Part D drug plans and Medicare Advantage Plans vary greatly in terms of costs and coverage. Each January, plans change their coverage and costs for the new calendar year. Every fall, you should go over your plan’s coverage and compare it with other plans in your area to make sure you have the coverage that is best for you. Examine a plan’s coverage, costs, drug coverage and the pharmacies in its network to see if it best meets your needs. After considering those factors, you can use the plan’s star rating from Medicare to help you select a plan that’s right for you.
What are the Medicare Star Ratings?
Medicare uses a Star Rating System to measure how well Medicare Advantage and prescription drug (Part D) plans perform. Medicare scores how well plans did in several categories, including quality of care and customer service. Ratings range from 1 to 5 stars, with five being the highest and one being the lowest score. Medicare assigns plans one overall star rating to summarize the plan’s performance as a whole. Plans also get separate star ratings in each individual category reviewed. The overall star rating score provides a way to compare performance among several plans. To learn more about differences among plans, look at plans’ ratings in each category.
Medicare reviews plan performances each year and releases new star ratings each fall. This means plan ratings change from one year to the next. Medicare sets the categories and reviews each plan the same way. You should look at coverage and plan costs, such as if the Part D plan covers all the drugs you take and has a premium you can afford before you consider the star rating.
Medicare health plans are rated on how well they perform in five different categories:
1. Staying healthy: screenings, tests, and vaccines
2. Managing chronic (long-term) conditions
3. Plan responsiveness and care
4. Member complaints, problems getting services, and choosing to leave the plan
5. Health plan customer service
Medicare drug plans are rated on how well they perform in four different categories:
1. Drug plan customer service
2. Member complaints, problems getting services, and choosing to leave the plan
3. Member experience with drug plan
4. Drug pricing and patient safety
Where can I find information on my plan’s star rating?
The star ratings can be found in the Medicare Plan Finder tool (www.medicare.gov/find-a-plan) or by calling 1-800-MEDICARE. New plan quality ratings come out each October and apply to the next calendar year (for example, plan ratings for 2017 will be available in October of 2016).
Note: The quality ratings stars found on Plan Finder and by calling 1-800-MEDICARE are the most up-to-date and may differ from the ratings listed in the Medicare and You handbook you received in the mail.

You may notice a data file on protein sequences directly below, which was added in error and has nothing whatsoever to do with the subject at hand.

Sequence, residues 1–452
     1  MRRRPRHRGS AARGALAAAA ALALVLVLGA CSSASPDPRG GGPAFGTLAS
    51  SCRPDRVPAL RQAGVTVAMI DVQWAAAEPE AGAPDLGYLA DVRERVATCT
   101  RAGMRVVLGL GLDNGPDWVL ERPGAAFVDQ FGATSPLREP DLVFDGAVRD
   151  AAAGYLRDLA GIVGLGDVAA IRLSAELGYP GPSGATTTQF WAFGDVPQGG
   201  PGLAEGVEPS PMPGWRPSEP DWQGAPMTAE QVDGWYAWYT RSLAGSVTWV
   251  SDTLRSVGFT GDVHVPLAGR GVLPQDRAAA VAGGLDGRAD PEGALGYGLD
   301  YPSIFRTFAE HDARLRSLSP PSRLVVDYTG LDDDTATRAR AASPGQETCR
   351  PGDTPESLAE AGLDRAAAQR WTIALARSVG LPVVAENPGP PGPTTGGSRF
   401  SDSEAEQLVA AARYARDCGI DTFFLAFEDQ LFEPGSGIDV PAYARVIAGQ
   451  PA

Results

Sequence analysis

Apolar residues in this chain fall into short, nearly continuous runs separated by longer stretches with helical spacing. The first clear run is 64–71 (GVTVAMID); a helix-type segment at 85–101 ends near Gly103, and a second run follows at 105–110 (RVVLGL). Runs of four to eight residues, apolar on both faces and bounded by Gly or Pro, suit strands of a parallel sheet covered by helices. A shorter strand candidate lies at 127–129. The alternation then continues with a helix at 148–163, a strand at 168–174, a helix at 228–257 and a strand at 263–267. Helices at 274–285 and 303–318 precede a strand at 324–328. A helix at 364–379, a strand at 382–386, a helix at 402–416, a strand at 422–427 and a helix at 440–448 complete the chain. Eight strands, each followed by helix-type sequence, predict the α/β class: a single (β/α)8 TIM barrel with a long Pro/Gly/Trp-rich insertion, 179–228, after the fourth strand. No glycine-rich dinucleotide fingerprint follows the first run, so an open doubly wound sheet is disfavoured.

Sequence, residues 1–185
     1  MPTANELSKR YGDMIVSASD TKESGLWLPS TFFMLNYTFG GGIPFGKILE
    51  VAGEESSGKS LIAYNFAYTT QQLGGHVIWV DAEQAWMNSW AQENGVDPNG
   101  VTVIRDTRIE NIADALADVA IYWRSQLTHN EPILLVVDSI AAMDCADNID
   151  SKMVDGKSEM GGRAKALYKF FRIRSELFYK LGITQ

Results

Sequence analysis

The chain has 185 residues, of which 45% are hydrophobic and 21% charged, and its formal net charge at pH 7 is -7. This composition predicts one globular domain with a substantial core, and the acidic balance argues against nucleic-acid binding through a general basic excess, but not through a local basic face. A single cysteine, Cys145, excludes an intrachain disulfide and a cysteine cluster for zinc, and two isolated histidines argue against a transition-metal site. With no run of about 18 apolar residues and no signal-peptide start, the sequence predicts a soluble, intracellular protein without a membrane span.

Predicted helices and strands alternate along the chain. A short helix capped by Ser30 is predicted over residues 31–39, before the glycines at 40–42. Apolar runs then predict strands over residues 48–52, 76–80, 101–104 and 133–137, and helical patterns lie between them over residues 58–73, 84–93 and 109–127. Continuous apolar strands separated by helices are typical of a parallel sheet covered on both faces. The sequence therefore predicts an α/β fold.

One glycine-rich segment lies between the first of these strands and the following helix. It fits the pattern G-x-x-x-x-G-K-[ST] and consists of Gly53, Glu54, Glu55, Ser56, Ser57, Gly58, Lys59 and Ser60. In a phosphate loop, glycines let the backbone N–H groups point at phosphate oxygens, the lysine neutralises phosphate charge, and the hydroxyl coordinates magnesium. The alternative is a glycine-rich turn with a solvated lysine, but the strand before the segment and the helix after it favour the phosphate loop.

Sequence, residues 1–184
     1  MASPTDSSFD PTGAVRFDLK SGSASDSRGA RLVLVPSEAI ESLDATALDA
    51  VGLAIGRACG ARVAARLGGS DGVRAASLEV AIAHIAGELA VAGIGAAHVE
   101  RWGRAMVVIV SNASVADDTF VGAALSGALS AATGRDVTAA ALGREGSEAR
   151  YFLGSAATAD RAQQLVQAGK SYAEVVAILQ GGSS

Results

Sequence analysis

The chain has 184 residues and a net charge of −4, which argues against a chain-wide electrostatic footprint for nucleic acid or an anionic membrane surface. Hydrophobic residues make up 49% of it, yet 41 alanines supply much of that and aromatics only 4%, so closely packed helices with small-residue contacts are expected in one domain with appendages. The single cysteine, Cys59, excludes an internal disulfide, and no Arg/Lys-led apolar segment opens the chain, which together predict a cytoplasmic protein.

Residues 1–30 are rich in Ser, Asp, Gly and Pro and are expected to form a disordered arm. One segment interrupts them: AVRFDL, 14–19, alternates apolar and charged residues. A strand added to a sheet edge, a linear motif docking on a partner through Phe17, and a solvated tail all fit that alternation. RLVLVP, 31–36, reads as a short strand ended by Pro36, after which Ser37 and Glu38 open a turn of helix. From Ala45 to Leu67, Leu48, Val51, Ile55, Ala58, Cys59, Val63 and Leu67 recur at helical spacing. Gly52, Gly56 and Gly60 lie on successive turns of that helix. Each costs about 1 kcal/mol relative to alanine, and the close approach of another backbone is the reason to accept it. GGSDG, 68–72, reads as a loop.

How can I use the star ratings to inform my plan choice this year?
A plan’s star ratings is only one factor to look at when you compare plans in your area. Even though a plan has a high star rating, it may not be right for you. You must also consider how much the plan is going to cost, and if it covers all the drugs and services you need and includes the pharmacy you need in its preferred network.
If Medicare gives a plan less than three stars (only one or two stars) for three years in a row, Medicare’s Plan Finder tool will flag the plan as low performing. The flag looks like a caution sign; an upside down red triangle with an exclamation point inside of it. You cannot use the Plan Finder tool to enroll into one of these low-performing plans. You will have to call the plan directly to enroll. If you are enrolled in a plan that gets one or two stars for three years in a row, Medicare will mail you a letter telling you this. You will not be removed from the plan, but if you receive this letter, check the plan’s costs and coverage to make sure it is still a good plan for you.
The five-star Special Enrollment Period (SEP)
Generally, you are limited in the times of year you can enroll in and change Medicare Advantage and Part D plans. A Special Enrollment Period (SEP) allows you to enroll in plans outside of these times. If you want to enroll in a plan or change plans, you can take advantage of an SEP to join or switch to a five-star Medicare Advantage or Part D plan. You can enroll into a Medicare Advantage Plan or stand-alone Part D plan in your service area that has an overall plan performance rating of five stars. You may only use this SEP once per calendar year. The five-star SEP starts Dec. 8 of the year before the plan is considered a five-star plan, and ends Nov. 30 of the year the plan is considered a five-star plan. Enrollments are effective the first of the following month.